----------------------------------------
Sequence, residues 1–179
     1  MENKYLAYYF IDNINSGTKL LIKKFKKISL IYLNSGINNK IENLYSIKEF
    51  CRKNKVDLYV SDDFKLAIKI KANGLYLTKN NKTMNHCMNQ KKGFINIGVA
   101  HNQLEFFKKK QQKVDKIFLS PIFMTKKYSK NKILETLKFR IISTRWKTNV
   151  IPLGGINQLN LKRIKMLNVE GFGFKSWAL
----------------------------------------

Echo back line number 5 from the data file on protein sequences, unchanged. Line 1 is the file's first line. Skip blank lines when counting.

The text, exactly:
   151  IPLGGINQLN LKRIKMLNVE GFGFKSWAL